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Footsteps of History

The California Missions

San Luis Obispo


San Luis Obispo de Tolosa
Founded 1 September 1772
by Father Junipero Serra
California Historical Landmark #325



Naming of Mission:

The mission was named for Saint Louis, Bishop of Toulouse, France. The Indian name was Tishlini.
San Luis Obispo is often called the "Prince of Missions."
Also known as the Mission in the Valley of Bears. The Los Osos area nearby provided bear meat to save the Mission from starvation

Location:

The mission is in the middle of downtown San Luis Obispo at the corner of Monterey and Chorro Streets. It is about halfway through the California Mission Chain.

History:

In 1769, Governor Portola and his party moved northward to look for Monterey Bay. They found a large number of bears in the countryside and named the area, "Valley of the Bears." They killed many bears which they brought to the starving local Chumash Indians and shared the meat with them.

Father Serra came to officially found the mission on 1 September 1772, celebrating the first mass near a stream. He had to leave quickly to return to San Diego, leaving Father Jose Cavalier as the lone priest at the brand new mission. There were also five soldiers and two neophytes. The little group began to build the mission right away. The first buildings were made of adobe bricks with thatched roofs, which was the typical building material of the day.

Because of the abundance of bear in the area, the mission was able to fill their own plates, but also was able to supplied many of the other missions with the meat. The city of San Luis Obispo began to gradually build up around the mission, making the mission the center of the city which it still is today.

Though things went along well initially, the mission endured several Indian attacks before 1774. One of these times, flaming arrows were shot into the thatched roofs causing great damage to the mission. It was this incident which prompted the mission fathers to develop tile roofs which would not burn. The red tiles also began to be used on other missions until they were the standard rather than the thatched roofs. More building continued at the mission from 1794 to 1809 with baptisms increasing all the while. The Chumash helped the father to build at the mission. Other mission padres came to the mission for their annual retreats beginning in May of 1807. Many improvements were made during this time until the quadrangle was finally completed in 1819. 1820 brought the mission two mission bells made in Lima, Peru.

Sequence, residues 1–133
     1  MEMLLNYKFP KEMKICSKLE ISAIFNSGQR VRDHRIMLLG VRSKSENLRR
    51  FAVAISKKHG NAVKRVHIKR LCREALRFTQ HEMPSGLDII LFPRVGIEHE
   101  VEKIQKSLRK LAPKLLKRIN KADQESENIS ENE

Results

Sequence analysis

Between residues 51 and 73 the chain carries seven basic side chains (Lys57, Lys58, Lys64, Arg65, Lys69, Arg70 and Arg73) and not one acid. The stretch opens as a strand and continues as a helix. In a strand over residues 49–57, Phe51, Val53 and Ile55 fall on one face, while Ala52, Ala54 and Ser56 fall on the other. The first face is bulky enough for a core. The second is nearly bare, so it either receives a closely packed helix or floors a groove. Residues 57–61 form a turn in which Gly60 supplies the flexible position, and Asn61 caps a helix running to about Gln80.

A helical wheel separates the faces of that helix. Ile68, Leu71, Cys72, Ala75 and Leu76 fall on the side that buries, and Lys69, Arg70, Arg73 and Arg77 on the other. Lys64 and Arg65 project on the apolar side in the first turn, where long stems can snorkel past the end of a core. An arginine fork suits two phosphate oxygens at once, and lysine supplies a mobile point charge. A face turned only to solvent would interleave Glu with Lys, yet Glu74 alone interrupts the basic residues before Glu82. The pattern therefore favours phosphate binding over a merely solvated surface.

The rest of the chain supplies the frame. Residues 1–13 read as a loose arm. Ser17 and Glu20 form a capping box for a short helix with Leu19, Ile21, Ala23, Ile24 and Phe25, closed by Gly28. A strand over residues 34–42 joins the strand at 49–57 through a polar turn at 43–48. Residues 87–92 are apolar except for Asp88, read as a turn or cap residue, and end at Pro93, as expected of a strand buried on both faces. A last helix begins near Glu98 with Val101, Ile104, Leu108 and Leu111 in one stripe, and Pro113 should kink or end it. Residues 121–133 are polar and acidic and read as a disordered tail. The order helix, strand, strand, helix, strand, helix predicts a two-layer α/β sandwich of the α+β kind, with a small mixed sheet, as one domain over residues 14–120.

Father Martinez was the one in charge of the mission for most of its productive life. He served for34 years. Most of the major building occurred during his tenure. He was required to leave by the Mexican government and was sorrowful to do so, but it was probably better than seeing the mission ruined just five years later. San Luis Obispo was sold to a Captain Wilson for just $500.00. The uses for the mission were changed during this time period. The mission was used both as a school and as a jail. In fact, the mission became the first courthouse and jail in San Luis Obispo County.

During the late 1800's, a renovation was done to the church due to a large increase in the area population. It was at this time that the mission was re-done to look like a New England church, complete with a tall steeple. The rest of the town followed suit with wooden buildings in the same style of the newly remodeled mission. The mission had a fire in 1920 which showed up some of the original construction. At this time, there began to be some interest in another renovation, this time back to its original Spanish architecture. To kick off the project, Father Daniel Keenan began "La Fiesta de Los Flores" (Festival of the Flowers) in 1925 to raise money for the building program. Earnest restoration efforts did not really begin until 1933 when Father John Harnett came to the mission. Harry Downie was the man in charge of the restoration. He was the one to create the "L" shaped church to seat more parishioners. Finally, after years of hard work, the mission was fully restored. The chapel addition was completed in 1945 with help from the Hearst Foundation.

The Mission San Luis Obispo de Tolosa remains the center of life in San Luis Obispo. It is downtown with the city all around it. The Mission Plaza was built up around the mission and is the site for many programs and other events.

Contact the Mission:

Old Mission Parish
751 Palm Street
San Luis Obispo CA, 93401
Phone: 805-781-8220

Mission Trivia:

San Luis Obispo is the only mission with an L-shaped church

The Mission had bell ringers and they spent 2 years just learning how to use the bells. The last two bell ringers did this job for 60 years each.

During the first year the Fathers had to eat grizzly bear meat, when provisions ran low.

When an important Mexican General was visiting, Father Martinez thought of an unusual way to entertain his guests; he had a chicken parade! (Actually, he used most of the animals in the barnyard for the parade which lasted about one hour.)

Mission San Luis Obispo was once remodeled to look like a New England church

Mission Links

The Mission homepage for San Luis Obispo de Tolosa

Answers to questions about the mission

Another history page for the mission

Take a virtual tour of the mission

Good timeline type history of the mission
School project information for the mission

Mission Information for San Luis Obispo de Tolosa


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This page was last updated on 29 June 2012 at 9P:43 am

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